Let’s get to know one of our volunteers, Ruth Jorgensen

By May 10, 2022Volunteer

As a part of this year’s National Volunteer Week celebration, we will share stories about our wonderful volunteers and highlight their contributions to the local community.
Let’s get to know Ruth Jorgensen!

Tell me a bit about your background and what made you want to be a volunteer?

I had worked for Queensland Health for 19 years, retiring in 2008. Most of those years were spent at Ipswich Hospital, firstly as an administrative officer and then as a training officer with IT.

How long have you been with IHF? Any stories from back then you’d like to share?

When I was asked to be a volunteer at the inception of the hospital volunteering corps in 2010 I jumped at the chance.  I loved the atmosphere of the hospital with its core values of service to the community.  It was great to come back to that environment and feel a part of it again.

The original group of volunteers was a tight knit little team and initially we just manned the information desk on level 6.  It was interesting to note how staff members reacted to us initially – firstly with a little suspicion maybe and then acceptance and now, with our roles having expanded to encompass many areas of the hospital, with some dependence and thankfulness.

We took a little time to work ourselves into our role but after a period we had to be careful that we didn’t think that we ran the hospital because we were often the first people visitors saw when they entered.  Secretly I think we did think that the hospital would fall apart without us but we tried hard to stay humble (lol as they say on Facebook).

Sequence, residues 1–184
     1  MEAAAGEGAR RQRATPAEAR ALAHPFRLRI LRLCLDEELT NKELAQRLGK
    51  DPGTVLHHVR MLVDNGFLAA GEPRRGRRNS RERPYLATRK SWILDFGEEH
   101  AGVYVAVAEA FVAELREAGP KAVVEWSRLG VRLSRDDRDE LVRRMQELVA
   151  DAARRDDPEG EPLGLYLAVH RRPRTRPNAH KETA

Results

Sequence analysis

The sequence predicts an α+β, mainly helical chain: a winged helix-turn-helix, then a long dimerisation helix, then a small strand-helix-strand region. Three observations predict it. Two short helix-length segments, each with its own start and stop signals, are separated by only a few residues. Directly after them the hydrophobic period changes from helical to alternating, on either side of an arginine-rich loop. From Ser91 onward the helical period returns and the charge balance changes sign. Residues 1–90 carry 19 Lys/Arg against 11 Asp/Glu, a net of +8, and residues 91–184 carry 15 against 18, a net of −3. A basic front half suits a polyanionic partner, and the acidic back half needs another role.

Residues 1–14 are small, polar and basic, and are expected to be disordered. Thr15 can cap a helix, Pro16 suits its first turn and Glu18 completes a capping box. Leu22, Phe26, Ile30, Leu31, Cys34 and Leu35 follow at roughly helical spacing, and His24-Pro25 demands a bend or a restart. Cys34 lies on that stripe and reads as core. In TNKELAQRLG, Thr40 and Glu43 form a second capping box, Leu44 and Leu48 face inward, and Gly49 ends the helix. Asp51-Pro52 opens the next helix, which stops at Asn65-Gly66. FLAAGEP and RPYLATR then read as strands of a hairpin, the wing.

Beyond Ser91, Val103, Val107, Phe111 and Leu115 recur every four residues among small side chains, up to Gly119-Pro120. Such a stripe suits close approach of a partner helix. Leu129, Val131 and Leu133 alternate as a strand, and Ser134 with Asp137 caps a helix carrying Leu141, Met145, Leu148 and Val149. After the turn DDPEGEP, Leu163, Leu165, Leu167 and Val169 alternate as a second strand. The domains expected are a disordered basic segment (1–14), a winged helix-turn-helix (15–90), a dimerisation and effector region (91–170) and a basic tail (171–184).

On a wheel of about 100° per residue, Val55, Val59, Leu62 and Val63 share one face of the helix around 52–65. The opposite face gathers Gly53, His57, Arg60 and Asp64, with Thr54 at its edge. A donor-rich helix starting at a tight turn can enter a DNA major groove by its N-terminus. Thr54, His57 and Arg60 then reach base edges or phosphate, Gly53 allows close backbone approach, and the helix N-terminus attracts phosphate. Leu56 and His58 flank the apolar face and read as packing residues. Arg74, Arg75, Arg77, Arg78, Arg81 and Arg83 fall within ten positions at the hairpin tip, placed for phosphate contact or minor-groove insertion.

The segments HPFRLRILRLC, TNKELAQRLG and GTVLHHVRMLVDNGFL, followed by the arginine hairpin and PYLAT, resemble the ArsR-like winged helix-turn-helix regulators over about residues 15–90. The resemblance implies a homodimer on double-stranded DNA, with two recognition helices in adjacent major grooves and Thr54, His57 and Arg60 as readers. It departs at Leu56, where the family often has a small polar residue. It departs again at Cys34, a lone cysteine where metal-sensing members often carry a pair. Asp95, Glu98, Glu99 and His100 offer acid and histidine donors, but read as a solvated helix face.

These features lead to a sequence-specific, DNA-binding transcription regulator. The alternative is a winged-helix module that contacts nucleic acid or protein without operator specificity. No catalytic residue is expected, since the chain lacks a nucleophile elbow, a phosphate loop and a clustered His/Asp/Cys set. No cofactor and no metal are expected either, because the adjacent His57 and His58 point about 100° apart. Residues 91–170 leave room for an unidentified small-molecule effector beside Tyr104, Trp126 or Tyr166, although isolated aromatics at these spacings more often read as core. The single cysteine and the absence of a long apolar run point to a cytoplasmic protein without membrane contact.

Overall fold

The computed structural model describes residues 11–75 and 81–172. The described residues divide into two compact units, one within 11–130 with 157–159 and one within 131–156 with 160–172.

What is the best thing that happened to you whilst being a volunteer?

One of the best things about being a volunteer is the friendships we make and the feeling that we are giving back to the community, that we are a part of the hospital team and that we do make a difference.

Another wonderful aspect is the people we meet – the many types of people who walk through the door, the hero staff, the battling patients and the concerned visitors.  Most people are appreciative of us and our role although I know that some volunteers have faced unhappy scenarios over the years.  Fortunately, not many.

It is wonderful seeing patients coming in every week for post surgical treatment and watch them improving all the time.  You get to know them and regular visitors and, of course, the staff and know that perhaps you are appreciated a little bit.

One of my close colleagues seems to be a magnet for labouring mothers.  She knows who she is.  But many times we had mothers on the verge of birth at the doorstep, in the lift, in their cars or just making it to the Birth Suite.  She was a nurse and had the experience and skill to deal with these and other scary scenarios.  I am so glad I was working with her at those times.

What motivates you to be successful in your volunteer role?

The satisfaction of helping people, of being able to sympathise and empathise with people of many walks of life and of feeling useful in retirement.  Now my focus has changed to being a volunteer with the hospital museum and this work of helping to preserve the history of the hospital brings another aspect of using my skills into play.

What would be your advice to anyone considering to be a volunteer?

The IHF volunteer team provides many roles that people can slot into depending on their abilities, skills and experience but I think that you just have to want to help people and the community.  The fact that you make wonderful friends and are appreciated as part of a large multi-functional team is an added bonus.  Tolerance, patience and acceptance are important characteristics to have in the healthcare environment but just be aware that many unexpected events occur – both good and bad.  It is an exciting environment and one that I have loved and enjoyed for many years.

What are you passionate about?

Wanting people to be tolerant of each other, no matter their background or story.  Everyone is unique in their own way.

Acceptance of people as they are, respect for those who we think are different to us but who are probably struggling as we are to live a good life.

As volunteers in a health environment I think these are core values we should all hold high.